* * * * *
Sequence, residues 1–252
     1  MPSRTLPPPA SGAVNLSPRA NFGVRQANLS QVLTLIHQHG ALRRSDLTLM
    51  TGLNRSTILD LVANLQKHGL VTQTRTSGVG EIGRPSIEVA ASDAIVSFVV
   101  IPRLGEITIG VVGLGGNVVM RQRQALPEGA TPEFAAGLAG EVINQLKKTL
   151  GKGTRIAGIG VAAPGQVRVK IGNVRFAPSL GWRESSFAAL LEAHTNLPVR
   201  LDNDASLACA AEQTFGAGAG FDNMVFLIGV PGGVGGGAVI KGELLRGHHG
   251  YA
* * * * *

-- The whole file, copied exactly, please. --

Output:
Sequence, residues 1–252
     1  MPSRTLPPPA SGAVNLSPRA NFGVRQANLS QVLTLIHQHG ALRRSDLTLM
    51  TGLNRSTILD LVANLQKHGL VTQTRTSGVG EIGRPSIEVA ASDAIVSFVV
   101  IPRLGEITIG VVGLGGNVVM RQRQALPEGA TPEFAAGLAG EVINQLKKTL
   151  GKGTRIAGIG VAAPGQVRVK IGNVRFAPSL GWRESSFAAL LEAHTNLPVR
   201  LDNDASLACA AEQTFGAGAG FDNMVFLIGV PGGVGGGAVI KGELLRGHHG
   251  YA